Institutional Affiliation: Princeton University
with , , : w23475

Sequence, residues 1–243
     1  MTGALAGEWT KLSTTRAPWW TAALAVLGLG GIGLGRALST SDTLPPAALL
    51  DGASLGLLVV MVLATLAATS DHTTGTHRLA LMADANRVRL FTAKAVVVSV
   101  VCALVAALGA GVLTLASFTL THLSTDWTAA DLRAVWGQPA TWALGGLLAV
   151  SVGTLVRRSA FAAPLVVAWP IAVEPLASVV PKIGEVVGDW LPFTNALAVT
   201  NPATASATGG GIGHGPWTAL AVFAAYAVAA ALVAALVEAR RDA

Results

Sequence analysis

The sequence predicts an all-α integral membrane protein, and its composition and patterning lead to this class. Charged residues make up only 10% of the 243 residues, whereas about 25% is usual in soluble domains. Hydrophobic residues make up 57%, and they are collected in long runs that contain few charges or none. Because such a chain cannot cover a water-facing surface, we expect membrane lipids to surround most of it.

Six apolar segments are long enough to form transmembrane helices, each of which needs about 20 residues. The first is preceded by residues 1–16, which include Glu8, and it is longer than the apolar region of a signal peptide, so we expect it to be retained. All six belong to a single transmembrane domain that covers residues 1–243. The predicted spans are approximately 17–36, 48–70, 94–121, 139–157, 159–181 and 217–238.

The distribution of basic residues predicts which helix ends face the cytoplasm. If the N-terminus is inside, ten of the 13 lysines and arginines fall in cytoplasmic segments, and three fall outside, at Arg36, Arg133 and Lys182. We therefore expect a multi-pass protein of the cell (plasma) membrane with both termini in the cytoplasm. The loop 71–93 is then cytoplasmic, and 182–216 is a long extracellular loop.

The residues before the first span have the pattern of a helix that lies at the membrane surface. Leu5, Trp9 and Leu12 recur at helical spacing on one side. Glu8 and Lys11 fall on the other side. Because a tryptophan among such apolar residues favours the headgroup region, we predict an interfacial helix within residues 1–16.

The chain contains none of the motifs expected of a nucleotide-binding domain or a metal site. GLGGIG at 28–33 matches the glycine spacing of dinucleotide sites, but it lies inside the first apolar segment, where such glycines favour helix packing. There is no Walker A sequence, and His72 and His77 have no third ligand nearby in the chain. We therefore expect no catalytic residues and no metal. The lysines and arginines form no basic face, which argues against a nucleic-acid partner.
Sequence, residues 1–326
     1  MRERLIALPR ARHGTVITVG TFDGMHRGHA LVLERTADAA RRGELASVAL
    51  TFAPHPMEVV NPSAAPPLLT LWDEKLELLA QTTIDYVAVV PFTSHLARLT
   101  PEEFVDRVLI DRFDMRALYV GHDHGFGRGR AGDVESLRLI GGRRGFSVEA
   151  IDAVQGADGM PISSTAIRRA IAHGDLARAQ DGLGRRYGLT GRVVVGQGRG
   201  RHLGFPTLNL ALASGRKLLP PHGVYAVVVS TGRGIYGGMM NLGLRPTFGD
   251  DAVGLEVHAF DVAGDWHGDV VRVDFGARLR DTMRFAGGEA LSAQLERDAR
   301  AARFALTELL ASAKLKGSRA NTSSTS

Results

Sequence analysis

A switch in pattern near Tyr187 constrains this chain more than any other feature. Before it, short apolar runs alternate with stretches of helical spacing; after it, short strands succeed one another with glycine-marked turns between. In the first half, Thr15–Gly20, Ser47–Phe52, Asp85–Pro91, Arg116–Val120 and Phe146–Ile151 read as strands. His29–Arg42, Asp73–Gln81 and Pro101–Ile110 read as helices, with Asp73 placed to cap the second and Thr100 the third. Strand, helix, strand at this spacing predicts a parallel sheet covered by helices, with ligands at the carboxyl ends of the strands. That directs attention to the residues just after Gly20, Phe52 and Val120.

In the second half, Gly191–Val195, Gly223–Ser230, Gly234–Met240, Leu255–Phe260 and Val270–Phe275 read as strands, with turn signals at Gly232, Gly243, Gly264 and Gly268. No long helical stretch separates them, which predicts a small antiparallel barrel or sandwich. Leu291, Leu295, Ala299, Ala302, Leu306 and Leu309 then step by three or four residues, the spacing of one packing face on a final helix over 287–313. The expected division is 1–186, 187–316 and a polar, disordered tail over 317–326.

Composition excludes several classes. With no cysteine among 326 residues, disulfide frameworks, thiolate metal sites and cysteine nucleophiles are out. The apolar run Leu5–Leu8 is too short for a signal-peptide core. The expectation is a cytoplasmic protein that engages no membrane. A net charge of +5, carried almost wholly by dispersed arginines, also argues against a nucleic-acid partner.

We study a model of insurgent learning during a counterinsurgency campaign. We test empirical implications of the model using newly declassified microdata documenting improvised explosive devices (IEDs) in Afghanistan from 2006 to 2014. This period was characterized by substantial US investments in anti-IED technology and equipment. We find no evidence of decreasing effectiveness of IEDs across time. Qualitative evidence suggests that this is due to innovations in IED devices and tactics. Our results are robust to numerous alternative specifications, and yield insights on a technological revolution in insurgent violence—the proliferation and evolution of IEDs—with implications for scholarship on civil conflict and future investment in tactical countermeasures.